According to Human Rights Watch and the Mexican Commission of Human Rights, since 2006 there have been approximately 27,000 disappeared persons in Mexico and the numbers are still rising. Even more, none of these numbers count the thousands of migrants that have disappeared in their transit through Mexico.

In Citizen-Led Forensics we believe that “the path of the one is the path of the many”. That is why we need to create a transparent national database. We cannot keep searching for the disappeared 43 at a time. The revolution in human rights and forensic science we are envisioning cannot be possible if we do not start changing the rules of the game one by one. This means that we have to break in the pristine spaces, reserved for scientific experts and bring the public forum back to forensic science. Thus we say, rephrasing Bruno Latour: “Let us into your laboratories and we will change the world.”

Ernesto Schwartz-Marin holds a PhD in Genetics in Society from University of Exeter, UK. He is an International Junior Research Fellow in the Department of Anthropology at Durham University and the Principal Investigator of the ESRC Transformative Project Citizen-Led Forensics. Since 2012 he acts as the Chief Innovation Officer at Gobernanza Forense Ciudadana.

Arely Cruz-Santiago is a Doctoral Researcher based at Durham University, Department of Geography. She holds an MSc in Criminology and Criminal Justice from the same university and a BA in International Relations from the National Autonomous University of Mexico, UNAM. She is the Co-Investigator of the ESRC Transformative Project Citizen-Led Forensics. Since 2012 she is president of the Mexican NGO Gobernanza Forense Ciudadana.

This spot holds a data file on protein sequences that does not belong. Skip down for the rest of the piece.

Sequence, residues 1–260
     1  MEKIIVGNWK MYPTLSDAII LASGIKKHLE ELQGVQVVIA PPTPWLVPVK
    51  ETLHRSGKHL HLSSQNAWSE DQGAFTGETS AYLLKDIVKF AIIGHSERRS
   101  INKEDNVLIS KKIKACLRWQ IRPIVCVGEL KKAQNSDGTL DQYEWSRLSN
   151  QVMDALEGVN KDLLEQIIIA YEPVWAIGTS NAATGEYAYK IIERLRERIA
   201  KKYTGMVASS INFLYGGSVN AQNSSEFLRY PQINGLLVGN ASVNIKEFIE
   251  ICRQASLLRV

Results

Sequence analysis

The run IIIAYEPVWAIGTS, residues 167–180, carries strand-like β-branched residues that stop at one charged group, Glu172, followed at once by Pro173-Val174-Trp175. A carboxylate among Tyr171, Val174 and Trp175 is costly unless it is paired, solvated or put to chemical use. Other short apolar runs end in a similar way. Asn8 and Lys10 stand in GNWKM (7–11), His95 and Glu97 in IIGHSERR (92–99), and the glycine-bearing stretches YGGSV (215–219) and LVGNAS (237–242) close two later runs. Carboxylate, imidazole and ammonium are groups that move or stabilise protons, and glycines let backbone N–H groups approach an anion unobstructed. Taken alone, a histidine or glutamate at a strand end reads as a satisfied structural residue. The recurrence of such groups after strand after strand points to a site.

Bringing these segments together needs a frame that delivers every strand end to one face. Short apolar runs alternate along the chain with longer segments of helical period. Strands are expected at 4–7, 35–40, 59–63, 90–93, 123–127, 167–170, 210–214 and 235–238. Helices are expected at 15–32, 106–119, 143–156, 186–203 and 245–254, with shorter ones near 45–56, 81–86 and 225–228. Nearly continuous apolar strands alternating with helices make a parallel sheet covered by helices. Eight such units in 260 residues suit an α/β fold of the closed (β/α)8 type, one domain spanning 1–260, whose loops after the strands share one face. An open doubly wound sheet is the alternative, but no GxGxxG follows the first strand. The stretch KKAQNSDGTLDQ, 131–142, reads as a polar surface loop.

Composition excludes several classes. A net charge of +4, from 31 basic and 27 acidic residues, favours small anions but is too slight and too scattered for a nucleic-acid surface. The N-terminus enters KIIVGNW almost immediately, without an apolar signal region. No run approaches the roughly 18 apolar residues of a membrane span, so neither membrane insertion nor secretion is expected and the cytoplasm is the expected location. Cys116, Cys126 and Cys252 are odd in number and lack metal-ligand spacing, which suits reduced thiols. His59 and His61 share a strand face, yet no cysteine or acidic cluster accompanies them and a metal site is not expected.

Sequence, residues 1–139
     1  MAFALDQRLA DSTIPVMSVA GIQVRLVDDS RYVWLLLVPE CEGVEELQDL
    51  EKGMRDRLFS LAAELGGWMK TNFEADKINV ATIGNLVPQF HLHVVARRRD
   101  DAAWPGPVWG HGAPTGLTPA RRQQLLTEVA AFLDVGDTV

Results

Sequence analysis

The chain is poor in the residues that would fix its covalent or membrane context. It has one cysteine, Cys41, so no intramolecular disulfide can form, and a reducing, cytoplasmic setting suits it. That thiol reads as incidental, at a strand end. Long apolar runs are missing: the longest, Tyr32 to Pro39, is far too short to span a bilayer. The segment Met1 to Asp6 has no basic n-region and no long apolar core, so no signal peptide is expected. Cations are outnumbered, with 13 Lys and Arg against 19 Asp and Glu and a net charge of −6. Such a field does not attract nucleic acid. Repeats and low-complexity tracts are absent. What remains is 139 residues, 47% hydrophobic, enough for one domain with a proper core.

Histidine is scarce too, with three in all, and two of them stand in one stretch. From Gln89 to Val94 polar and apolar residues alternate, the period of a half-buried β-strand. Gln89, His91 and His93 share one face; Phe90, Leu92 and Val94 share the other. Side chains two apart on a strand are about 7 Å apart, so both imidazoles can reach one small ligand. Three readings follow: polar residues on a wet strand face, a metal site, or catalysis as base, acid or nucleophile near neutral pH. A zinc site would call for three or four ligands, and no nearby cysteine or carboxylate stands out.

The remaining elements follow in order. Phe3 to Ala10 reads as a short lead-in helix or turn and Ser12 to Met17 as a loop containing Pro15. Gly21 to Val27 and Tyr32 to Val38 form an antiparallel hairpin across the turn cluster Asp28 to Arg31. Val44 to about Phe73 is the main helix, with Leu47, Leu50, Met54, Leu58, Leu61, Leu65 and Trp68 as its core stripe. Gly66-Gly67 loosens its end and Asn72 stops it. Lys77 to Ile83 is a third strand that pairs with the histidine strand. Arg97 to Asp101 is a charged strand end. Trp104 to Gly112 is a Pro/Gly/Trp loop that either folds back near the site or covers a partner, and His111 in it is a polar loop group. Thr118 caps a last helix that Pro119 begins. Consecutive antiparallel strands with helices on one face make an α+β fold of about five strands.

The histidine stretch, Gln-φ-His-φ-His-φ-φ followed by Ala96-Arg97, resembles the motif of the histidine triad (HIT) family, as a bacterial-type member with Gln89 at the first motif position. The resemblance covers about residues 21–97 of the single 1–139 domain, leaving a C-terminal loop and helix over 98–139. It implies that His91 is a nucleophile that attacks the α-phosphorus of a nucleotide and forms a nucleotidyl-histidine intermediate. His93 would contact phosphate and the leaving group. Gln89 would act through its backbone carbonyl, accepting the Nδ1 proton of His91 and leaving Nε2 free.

Source: Al Jazeera




February 8, 2015

Tourist Development Behind State Repression of Non-Violent Indigenous Movement

Filed under: Bachajon, Displacement, Indigenous, Women — Tags: , , — dorsetchiapassolidarity @ 5:09 pm


Tourist Development Behind State Repression of Non-Violent Indigenous Movement


By Martha Pskowski

“We organized to take this land. Why? Because we know that the government is dispossessing land all over the country. On December 21stwe woke up at 6am to recuperate this land. Four hundred of us compañeros and compañeras from the community arrived.”